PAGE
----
Why the Movement to Occupy Wall Street?

The corporate-controlled media?s treatment of Occupy Wall Street (OWS) has not provided much useful information about the movement. Instead of reporting on OWS, media pundits whined about a lack of leaders and criticized the appearance of some participants. Unfortunately, such media coverage is not a surprise; after all, OWS is challenging the status quo.


The rise of the OWS movement is in response to Wall Street’s insatiable greed and a corrupt economic/political approach that further undermine: 1) the idea that hard work pays off; and 2) trust in equal justice for all. People are outraged by the unfairness of trillions of dollars in public funds that were committed to bail out Wall Street while Main Street was basically ignored. They are angry that only the public is expected to sacrifice while the people who created the financial crisis make out like bandits.

An Unholy Alliance: Multinational Corporations and Governments

Insatiable greed spurred the financial sector and the rating agencies to commit widespread fraud that almost brought down the world’s financial system. What has happened to us? I remember when rapacious greed was considered a deadly sin. Now some seem to think greed is a virtue.

Unfortunately, Wall Street was abetted by: 1) several presidential administrations and Congresses that enacted laws allowing some of these unethical methods; and 2) several governmental regulatory agencies, led by political appointees, that failed to protect the public’s interest.

Using the pretext of preventing the collapse of the financial system, the private Federal Reserve Bank and the federal government committed trillions of dollars of public money in a bailout of Wall Street. Instead of showing remorse for their roles in creating the financial crisis or gratitude for the bailout they received, the too-big-to-fail banks collectively resumed paying tens of billions in annual bonuses while continuing to foreclose, often illegally, on homeowners and to deny loans to small businesses. In addition, after receiving their gigantic bailout, the financial sector suddenly was concerned about the national debt. The financial sector was okay with greatly increasing the debt through the transfer of tons of money to Wall Street, but providing money for Main Street was suddenly a threat to our long-term financial health. Such hypocrisy!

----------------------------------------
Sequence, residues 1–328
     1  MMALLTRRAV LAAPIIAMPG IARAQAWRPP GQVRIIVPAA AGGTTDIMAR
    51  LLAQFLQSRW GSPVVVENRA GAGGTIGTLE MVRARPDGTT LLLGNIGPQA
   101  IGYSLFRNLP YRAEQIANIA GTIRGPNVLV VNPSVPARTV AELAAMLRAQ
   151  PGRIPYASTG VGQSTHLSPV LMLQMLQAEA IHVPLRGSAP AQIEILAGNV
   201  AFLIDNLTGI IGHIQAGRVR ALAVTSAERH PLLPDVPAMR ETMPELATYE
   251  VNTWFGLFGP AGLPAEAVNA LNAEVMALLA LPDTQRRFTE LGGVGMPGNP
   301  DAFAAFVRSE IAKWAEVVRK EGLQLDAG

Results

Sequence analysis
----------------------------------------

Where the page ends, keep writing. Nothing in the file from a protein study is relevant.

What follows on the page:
If this situation weren’t already bad enough, the federal government demonstrated that it thought some institutions in the financial and insurance sectors, besides being too big to fail, were also too big to jail. As a result, almost no one involved in the creation of this crisis has been prosecuted.


In 2010, 46 million Americans were living in poverty and 50 million were without health insurance. In 2011, the combined unemployment and underemployment rate is still about 25%. Millions of homeowners face foreclosure, higher education costs are soaring, and college students are graduating with large debts into a lousy job market. The number of homeless and the number of people reliant on food banks are also increasing.

Last but not least, this corrupt economic/political system has failed to prepare for the looming resource crises (water, topsoil, oil, etc.). In addition, there has been little response to the change in climate that has already begun and whose impact will grow over time. Our system’s approach seems to be “don’t worry, be happy.”


The OWS movement recognizes that following the rules clearly no longer works for many today and the situation is getting worse. They see that special interest monies, especially those from Wall Street and multinational corporations, essentially control our federal government. Those involved in OWS are driven by the desire to change this corrupt and disastrous situation, not by envy of the 1% as some have falsely claimed.

Ron Forthofer is a retired professor of biostatistics from the University of Texas School of Public Health in Houston and was a Green Party candidate for Congress and also for governor of Colorado. Read other articles by Ron.